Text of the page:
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Literature Review - Psychology

steps for literature review

This page provides some literature review pointers, including links to resources that provide in-depth literature review help. For one-to-one support, please get in touch with the Library here . 

Start your literature review early

Your literature review will help you to find out what is already known about the topic you are investigating and will enable you to understand your research topic thoroughly. It may help you to avoid inadvertently replicating work that has already been done. It will help you to answer that important question: Which areas deserve further investigation? 

You can learn more about the  literature review in this handy video from North Carolina State University Library:

Be systematic


steps for literature review

Approach your literature review in an objective, methodical and structured manner. Plan what you are doing in a way that you could describe so that somebody else could replicate what you have done.

Define your research topic, and frame it as a question

Clarify your research question. What is the scope and purpose of your research topic? What criteria are you including and excluding in your question?

Stay current

For longer pieces of work, set up current awareness alerts in the major databases.


books with a mouse

❗Where to find resources?

To search for peer-reviewed journal articles, make use of the variety of databases available to you, including PsycINFO, PubMed, Scopus and Web of Science. They do not all index the same material, so by interrogating them all, you will cover more bases. Also  visit A-Z Databases, for Psychology subject, and access the list of databases the University of Cambridge offer to you.

Identify the key journal/s in your area of interest and look through some individual issues to get a broader perspective on the area.

To search for books, try major catalogues such as  COPAC  or  WorldCat .

Consider other sources, such as websites and blogs. Google Scholar is worth searching, but bear in mind its limitations. It has limited ontological knowledge, and it searches broadly. It will also retrieve non-peer reviewed material.

Cambridge Libraries catalogue 

A-z databases libguide.

If you are having difficulty retrieving the full text of relevant material, please get in touch with the  Library by email here .

❗Searching the literature

The LibGuide for student skills has excellent content to support you during your literature searching.

❗ Manage your results

The recommended style for citations and referencing for research projects or dissertations for the undergraduate courses offered by the Department of Psychology is APA.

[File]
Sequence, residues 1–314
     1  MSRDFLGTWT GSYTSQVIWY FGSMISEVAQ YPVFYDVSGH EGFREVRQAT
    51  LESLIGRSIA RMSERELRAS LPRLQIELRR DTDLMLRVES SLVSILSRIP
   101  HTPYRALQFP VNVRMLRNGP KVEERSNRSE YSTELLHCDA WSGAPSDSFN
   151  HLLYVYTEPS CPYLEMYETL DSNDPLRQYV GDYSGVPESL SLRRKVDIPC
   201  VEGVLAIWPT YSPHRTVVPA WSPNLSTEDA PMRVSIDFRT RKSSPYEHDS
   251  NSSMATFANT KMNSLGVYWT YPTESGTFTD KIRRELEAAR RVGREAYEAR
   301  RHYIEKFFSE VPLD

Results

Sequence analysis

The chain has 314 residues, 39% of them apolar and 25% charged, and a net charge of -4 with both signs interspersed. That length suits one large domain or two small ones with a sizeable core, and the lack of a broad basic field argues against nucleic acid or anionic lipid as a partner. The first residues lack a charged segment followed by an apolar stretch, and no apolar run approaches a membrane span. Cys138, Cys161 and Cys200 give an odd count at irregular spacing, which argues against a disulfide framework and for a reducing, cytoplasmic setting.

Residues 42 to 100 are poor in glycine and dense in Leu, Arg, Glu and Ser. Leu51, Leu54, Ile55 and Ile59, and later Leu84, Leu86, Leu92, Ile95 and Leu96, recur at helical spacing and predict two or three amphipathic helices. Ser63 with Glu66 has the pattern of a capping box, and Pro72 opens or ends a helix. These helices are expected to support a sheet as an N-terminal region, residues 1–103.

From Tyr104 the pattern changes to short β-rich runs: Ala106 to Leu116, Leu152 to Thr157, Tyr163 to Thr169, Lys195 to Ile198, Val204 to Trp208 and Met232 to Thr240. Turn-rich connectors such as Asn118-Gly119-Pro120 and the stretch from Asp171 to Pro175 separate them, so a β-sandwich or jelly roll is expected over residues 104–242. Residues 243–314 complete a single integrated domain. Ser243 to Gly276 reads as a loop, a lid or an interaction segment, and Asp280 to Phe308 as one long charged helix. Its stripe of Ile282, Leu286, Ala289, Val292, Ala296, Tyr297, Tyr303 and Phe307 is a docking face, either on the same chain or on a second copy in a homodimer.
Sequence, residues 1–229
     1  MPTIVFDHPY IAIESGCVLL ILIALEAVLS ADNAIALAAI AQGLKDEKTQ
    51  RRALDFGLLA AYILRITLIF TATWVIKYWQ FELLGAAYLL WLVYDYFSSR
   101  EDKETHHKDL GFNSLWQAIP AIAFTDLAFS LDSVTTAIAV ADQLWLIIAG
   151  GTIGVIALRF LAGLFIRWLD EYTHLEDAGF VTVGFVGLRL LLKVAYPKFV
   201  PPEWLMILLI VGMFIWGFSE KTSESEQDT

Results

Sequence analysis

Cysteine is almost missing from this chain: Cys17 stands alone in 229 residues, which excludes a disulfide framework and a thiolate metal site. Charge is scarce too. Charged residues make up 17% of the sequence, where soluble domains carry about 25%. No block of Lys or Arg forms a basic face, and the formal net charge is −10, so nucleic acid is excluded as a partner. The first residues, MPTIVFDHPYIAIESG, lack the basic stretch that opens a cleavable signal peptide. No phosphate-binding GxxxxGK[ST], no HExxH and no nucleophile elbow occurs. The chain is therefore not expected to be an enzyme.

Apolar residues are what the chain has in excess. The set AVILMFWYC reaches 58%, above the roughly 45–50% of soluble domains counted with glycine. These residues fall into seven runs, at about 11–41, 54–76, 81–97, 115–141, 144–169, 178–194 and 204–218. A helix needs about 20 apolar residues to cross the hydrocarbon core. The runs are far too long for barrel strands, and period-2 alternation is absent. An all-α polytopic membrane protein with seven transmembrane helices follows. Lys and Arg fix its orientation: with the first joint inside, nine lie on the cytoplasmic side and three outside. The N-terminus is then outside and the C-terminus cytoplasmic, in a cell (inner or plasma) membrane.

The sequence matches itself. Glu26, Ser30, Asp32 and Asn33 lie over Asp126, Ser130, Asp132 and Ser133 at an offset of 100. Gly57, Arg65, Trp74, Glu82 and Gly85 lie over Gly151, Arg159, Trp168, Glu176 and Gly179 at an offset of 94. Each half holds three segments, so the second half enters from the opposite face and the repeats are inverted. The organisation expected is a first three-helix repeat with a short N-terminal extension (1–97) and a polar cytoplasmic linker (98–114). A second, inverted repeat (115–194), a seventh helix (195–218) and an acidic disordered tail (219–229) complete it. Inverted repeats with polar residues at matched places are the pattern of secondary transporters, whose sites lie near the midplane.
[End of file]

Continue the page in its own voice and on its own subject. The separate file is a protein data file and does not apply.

Use reference management software, such as Zotero , Mendeley or EndNote. The UIS provides software training (self-paced) for referencing management software (Zotero, Mendeley and EndNote).

If you need extra help, go to  the comprehensive guide to referencing,   Cite Them Right Online avaliable here .

Extra help needed? 

There is help on how to critically appraise material on the  Psychology Library Guide.

Please book 1/1 support with the Librarian,  contact us .

Links to literature review chapters

Ford, N. (2012). How to do a literature review. In The essential guide to using the web for research. SAGE.

Reardon, D.F. (2006). The literature review. In Doing your undergraduate research project. SAGE.

Thomas, D.R. and Hodges, I.D. (2010). Doing a literature review. In Designing and Managing Your Research Project: Core Skills for Social and Health Research. SAGE.

Bell, J. (2010). Doing your research project: A guide for first-time researchers in education, health and social science (5th ed.). Open University Press.   See especially Part 1, Chapter 5.

The Psychology Library has multiple copies of Sternberg, R.J. and Sternberg, K. (2010). The psychologist's companion: a guide to writing scientific papers for students and researchers . 5th edition. Cambridge University Press (Psychology Main Library class mark T.1.2 ). This book gives excellent advice on how to write clearly, and it includes a chapter on commonly misused words.  It is also available as an ebook ; to access this, go to  IDiscover .

SAGE Research Methods Online

A fabulous  library  of over 800 books on all aspects of research, including:.

The Sage Handbook of Early Childhood Research

Restarting Stalled Research

Creating and Verifying Data Sets with Excel

Research Ethics and Integrity for Social Scientist: Beyond Regulatory Compliance